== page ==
Lots more. Google roping a deer.
I love Bambi....Bambi’s mom’s breaded cutlets are the best ever.
I got your cure for Bambi right here.
Check out Bambi defending her young links to other videos you may have not yet seen also....
My nephew, Justyn, is the starting pitcher in the championship game of the district A + B Little League allstars today. If they win they go to Redding for the next round, then the Bay area, and eventually on to Southern Ca to qualify for world. Last time he pitched he struck out 15 batters while throwing just 51 pitches in 5 innings. He allowed only one batter to reach base and no runs. He also hit a solo home run and reached base two other times he was up to bat. Wish him luck today, he plays at noon. So I need to get going soon.
Fascinating video & good information. What was surprising is that the cat was more savvy than the poor dog.
It seems as if the cat swapped scents with the fawn, confusing the mother doe. That was clever;)
Was the dog OK after the attack???
I am laughing so hard I can barely type this. ROTFLMAO!
Perhaps one can say, without sarcasm, one of life’s little lessons learned?
Animals are feral-sometimes we have to figure out what feral means. Did they continue to be so comfortable around you?
I thought is was about OBambi’s true nature protecting his form (conduct as president) — maybe a video of the president arguing with the generals about using UAVs against opponents — DoJ said OK as long as they were crackers or cracker babies.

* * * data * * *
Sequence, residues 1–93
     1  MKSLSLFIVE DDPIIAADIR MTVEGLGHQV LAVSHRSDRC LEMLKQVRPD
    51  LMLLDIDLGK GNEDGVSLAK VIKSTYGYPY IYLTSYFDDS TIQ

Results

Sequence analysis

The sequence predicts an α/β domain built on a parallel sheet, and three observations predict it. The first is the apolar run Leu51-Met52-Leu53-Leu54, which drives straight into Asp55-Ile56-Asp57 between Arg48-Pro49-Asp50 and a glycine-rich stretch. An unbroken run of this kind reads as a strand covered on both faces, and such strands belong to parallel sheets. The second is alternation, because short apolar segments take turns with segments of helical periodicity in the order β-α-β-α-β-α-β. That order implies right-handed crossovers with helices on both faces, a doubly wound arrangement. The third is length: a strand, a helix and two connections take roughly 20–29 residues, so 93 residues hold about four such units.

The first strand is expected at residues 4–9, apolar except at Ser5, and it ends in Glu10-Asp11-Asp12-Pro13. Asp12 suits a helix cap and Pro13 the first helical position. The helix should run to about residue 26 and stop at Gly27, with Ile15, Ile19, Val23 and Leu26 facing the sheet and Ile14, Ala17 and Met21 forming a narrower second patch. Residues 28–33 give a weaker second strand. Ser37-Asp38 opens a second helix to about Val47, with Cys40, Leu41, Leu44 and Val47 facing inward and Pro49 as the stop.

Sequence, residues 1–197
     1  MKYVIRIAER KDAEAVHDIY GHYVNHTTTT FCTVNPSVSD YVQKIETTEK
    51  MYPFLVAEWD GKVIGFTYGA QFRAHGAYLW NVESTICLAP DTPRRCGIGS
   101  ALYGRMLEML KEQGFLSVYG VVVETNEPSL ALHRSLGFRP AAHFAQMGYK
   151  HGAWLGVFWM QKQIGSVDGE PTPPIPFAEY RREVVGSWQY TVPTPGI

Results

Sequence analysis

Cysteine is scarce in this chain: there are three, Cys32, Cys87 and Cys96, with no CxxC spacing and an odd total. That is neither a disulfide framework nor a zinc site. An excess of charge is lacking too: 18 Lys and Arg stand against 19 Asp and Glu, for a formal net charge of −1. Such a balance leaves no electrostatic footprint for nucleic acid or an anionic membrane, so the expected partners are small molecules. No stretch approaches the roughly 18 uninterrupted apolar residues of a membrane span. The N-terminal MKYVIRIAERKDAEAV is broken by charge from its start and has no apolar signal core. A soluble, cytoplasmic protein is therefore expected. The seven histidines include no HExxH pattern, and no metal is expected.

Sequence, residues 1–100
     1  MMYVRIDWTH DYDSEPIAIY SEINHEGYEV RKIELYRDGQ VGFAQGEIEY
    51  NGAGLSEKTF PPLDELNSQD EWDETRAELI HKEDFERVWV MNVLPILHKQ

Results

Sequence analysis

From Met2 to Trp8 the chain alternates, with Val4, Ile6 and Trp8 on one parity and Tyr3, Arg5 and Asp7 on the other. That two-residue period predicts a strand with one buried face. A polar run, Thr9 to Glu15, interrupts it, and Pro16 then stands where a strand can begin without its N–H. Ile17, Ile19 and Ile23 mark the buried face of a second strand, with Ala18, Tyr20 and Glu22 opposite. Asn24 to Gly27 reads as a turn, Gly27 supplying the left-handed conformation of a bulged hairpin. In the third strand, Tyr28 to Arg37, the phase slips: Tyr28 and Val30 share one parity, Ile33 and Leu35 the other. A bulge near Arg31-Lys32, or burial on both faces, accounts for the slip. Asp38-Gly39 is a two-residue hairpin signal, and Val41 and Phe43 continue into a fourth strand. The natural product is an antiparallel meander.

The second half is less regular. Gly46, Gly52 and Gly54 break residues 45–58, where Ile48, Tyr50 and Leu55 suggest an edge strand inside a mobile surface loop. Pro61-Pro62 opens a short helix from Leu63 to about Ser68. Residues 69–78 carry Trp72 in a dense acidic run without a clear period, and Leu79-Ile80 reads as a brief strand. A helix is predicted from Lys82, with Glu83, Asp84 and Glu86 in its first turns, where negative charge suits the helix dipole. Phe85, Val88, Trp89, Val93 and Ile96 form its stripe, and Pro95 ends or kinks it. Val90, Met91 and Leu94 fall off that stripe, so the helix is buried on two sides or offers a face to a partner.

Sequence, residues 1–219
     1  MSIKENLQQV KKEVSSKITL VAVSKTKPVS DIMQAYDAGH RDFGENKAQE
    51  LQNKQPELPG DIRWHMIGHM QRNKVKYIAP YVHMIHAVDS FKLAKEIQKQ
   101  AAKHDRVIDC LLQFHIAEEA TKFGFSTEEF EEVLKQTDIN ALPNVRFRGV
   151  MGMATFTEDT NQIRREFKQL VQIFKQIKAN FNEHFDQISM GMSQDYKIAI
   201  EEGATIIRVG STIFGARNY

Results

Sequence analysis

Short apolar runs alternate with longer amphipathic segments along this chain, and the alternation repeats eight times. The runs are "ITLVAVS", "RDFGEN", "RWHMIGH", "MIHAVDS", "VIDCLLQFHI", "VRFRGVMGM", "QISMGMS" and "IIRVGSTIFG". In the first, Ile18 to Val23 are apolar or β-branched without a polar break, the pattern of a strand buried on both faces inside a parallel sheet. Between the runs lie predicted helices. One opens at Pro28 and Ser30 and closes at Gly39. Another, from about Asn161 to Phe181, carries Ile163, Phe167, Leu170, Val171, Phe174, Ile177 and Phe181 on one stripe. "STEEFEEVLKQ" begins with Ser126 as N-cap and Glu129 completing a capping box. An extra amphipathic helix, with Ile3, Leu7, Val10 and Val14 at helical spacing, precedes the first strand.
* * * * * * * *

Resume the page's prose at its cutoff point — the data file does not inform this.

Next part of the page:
Saw a huge black bear kill a fawn hidden in the ferns of my back yard (live in the Poconos). Mamma deer heard the fawn scream and came running.... she was suicidal, attacking that bear constantly for about ten minutes solid until it was clear that fawn had already died.
Ah, those oldies but goodies. Still makes me laugh.
Funny stuff - thanks for the laugh;) (and the lesson)
Amazingly curious, brave cat! LOL
I see where, ‘curiosity killed the cat’ comes from.
Notice near the end when he approaches the deer, swats it on the nose and runs away.
Thanks for the ping!
This is how it is done boy.
Notice, NO pimping!
Cutest videos ever- adorable puppy in love with cat:
Deer are the most deadly animal in the USA. They claim most of their victims by car crashes.
Here's a Cow Moose stomping a college student who got too close to her calf.
Are you sure that was Bambi? Looked like Thumper to me.
“The ones in my freezer are curiously docile”
Imagine that. (LOL!)
Ergo, the worst-case scenario for him is 45 strikes, 6 balls -- not allowing for fouls, balls hit into play, and the lone baserunner.
If I were the Orioles of old (Palmer-McNally era), I'd be thinking about him already.
A couple of years back, a deer with two fawns frequented my yard. One got under the hogwire fence I have around my small orchard and was trapped. I watched mama and baby go back and forth down the fence. I watched as she walked away trying to get it to follow, beloowing like a cow. Against my better judgement I did go down there and managed to get the gate open, talking calmingly to her all the time and moving really slow. Luckily, she did not attack, but I was so lucky.
I now have four little kittens out in the greenhouse. I went to pick one up and they are true wild cats. Although tiny, it reared on its hind legs, claws extended and hissing. Reminded me that wild is wild - even in kittens.